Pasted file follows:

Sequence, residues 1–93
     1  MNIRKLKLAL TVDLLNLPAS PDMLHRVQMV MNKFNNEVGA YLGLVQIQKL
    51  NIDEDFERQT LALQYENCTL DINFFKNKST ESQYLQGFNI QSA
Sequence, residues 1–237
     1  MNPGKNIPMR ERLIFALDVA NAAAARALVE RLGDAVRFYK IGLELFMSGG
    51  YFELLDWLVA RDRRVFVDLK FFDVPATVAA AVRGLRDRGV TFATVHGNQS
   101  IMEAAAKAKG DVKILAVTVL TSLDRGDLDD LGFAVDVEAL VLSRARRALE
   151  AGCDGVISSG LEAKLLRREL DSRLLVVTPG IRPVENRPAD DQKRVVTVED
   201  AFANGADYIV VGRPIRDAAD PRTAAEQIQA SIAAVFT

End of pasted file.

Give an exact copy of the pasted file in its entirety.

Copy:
Sequence, residues 1–93
     1  MNIRKLKLAL TVDLLNLPAS PDMLHRVQMV MNKFNNEVGA YLGLVQIQKL
    51  NIDEDFERQT LALQYENCTL DINFFKNKST ESQYLQGFNI QSA
Sequence, residues 1–237
     1  MNPGKNIPMR ERLIFALDVA NAAAARALVE RLGDAVRFYK IGLELFMSGG
    51  YFELLDWLVA RDRRVFVDLK FFDVPATVAA AVRGLRDRGV TFATVHGNQS
   101  IMEAAAKAKG DVKILAVTVL TSLDRGDLDD LGFAVDVEAL VLSRARRALE
   151  AGCDGVISSG LEAKLLRREL DSRLLVVTPG IRPVENRPAD DQKRVVTVED
   201  AFANGADYIV VGRPIRDAAD PRTAAEQIQA SIAAVFT